Nonfiction > Hugo Grotius > The Rights of War and Peace
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Hugo Grotius (1583–1645).  The Rights of War and Peace.  1901.
 
Book III
Chapter XXV: Conclusion
 
        Admonitions to the observance of good faith—Peace always to be kept in view in the midst of war—Peace beneficial to the conquered—To the conqueror—And to be chosen in cases where the issue is doubtful—To be religiously observed—Prayer—Conclusion of the work.


  I. HERE seems to be the proper place to bring this work to a conclusion, without in the least presuming that every thing has been said, which might be said on the subject: but sufficient has been produced to lay a foundation, on which another, if he pleases, may raise a more noble and extensive edifice, an addition and improvement that will provoke no jealously, but rather be entitled to thanks.
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  Before entirely dismissing the subject, it may be necessary to observe, that, as in laying down the true motives and causes, that alone will justify war, every possible precaution at the same time was taken to state the reasons for which it should be avoided; so now a few admonitions will not be deemed superfluous, in order to point out the means of preserving good faith in war, and maintaining peace, after war is brought to a termination, and among other reasons for preserving good faith the desire of keeping alive the hope of peace, even in the midst of war, is not the least important. For good faith, in the language of Cicero, is not only the principal hold by which all governments are bound together, but is the key-stone by which the larger society of nations is united. Destroy this, says Aristotle, and you destroy the intercourse of mankind.  2
  In every other branch of justice there is something of obscurity, but the bond of faith is clear in itself, and is used indeed to do away the obscurity of all transactions. The observance of this is a matter of conscience with all lawful kings and sovereign princes, and is the basis of that reputation by which the honour and dignity of their crowns are maintained with foreign nations.  3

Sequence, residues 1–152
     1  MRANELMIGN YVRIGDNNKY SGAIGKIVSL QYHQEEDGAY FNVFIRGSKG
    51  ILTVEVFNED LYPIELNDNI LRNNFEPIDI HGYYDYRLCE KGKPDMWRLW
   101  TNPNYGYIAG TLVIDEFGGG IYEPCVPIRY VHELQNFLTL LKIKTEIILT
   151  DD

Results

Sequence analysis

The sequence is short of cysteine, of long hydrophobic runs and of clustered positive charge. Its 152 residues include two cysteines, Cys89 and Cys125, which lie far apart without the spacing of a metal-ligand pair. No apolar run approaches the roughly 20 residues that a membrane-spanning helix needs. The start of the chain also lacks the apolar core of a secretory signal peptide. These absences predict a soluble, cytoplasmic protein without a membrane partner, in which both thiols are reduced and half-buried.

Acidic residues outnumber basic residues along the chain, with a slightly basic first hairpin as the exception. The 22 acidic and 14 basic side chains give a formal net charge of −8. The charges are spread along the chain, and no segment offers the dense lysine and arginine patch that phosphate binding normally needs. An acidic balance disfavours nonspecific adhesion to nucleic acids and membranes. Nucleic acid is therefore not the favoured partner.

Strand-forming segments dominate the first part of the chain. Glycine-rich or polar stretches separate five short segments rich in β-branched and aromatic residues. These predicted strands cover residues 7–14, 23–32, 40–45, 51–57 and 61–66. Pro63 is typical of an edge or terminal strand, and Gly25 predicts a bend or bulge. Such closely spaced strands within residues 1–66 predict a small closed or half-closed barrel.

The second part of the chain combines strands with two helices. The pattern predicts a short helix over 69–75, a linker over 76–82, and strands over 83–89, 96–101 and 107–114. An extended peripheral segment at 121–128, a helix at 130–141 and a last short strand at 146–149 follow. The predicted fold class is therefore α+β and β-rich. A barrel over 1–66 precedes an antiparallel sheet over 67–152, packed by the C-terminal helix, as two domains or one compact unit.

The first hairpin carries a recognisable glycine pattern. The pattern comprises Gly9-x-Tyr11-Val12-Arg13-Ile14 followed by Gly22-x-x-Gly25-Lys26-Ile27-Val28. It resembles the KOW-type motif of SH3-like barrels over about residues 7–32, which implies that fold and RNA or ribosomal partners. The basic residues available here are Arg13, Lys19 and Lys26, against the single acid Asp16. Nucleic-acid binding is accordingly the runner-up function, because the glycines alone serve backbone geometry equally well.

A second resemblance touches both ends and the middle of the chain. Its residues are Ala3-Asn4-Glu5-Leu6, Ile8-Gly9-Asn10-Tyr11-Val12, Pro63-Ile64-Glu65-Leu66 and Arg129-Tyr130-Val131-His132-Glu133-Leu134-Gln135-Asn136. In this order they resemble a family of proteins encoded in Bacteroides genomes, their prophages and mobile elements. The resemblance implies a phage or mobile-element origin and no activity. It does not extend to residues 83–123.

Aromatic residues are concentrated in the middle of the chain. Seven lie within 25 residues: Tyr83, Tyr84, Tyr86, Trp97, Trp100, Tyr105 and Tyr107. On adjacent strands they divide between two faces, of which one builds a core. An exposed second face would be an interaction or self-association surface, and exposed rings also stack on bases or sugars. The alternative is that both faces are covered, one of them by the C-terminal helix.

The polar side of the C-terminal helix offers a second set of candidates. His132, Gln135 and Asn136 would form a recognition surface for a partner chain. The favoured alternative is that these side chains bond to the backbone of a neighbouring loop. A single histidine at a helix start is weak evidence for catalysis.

II. In the very heat of war the greatest security and expectation of divine support must be in the unabated desire, and invariable prospect of peace, as the only end for which hostilities can be lawfully begun. So that in the prosecution of war we must never carry the rage of it so far, as to unlearn the nature and dispositions of men.  4
  III. These and these alone would be sufficient motives for the termination of war, and the cultivation of peace. But apart from all considerations of humanity, the INTERESTS of mankind would inevitably lead us to the same point. In the first place it is dangerous to prolong a contest with a more powerful enemy. In such a case some sacrifices should be made for the sake of peace, as in a storm goods are sometimes thrown overboard to prevent a greater calamity, and to save the vessel and the crew.  5
  IV. Even for the stronger party, when flushed with victory, peace is a safer expedient, than the most extensive successes. For there is the boldness of despair to be apprehended from a vanquished enemy, dangerous as the bite of a ferocious animal in the pangs of death.  6
  V. If indeed both parties are upon an equal footing, it is the opinion of Caesar, that it is the most favourable moment for making peace, when each party has confidence in itself.  7
  VI. On whatever terms peace is made, it must be absolutely kept. From the sacredness of the faith pledged in the engagement, and every thing must be cautiously avoided, not only savouring of treachery, but that may tend to awaken and inflame animosity. For what Cicero has said of private friendships may with equal propriety be applied to public engagements of this kind, which are all to be religiously and faithfully observed, especially where war and enmity have ended in peace and reconciliation.  8
  VII. And may God, to whom alone it belongs to dispose the affections and desires of sovereign princes and kings, inscribe these principles upon their hearts and minds, that they may always remember that the noblest office, in which man can be engaged, is the government of men, who are the principal objects of the divine care.  9
 
 
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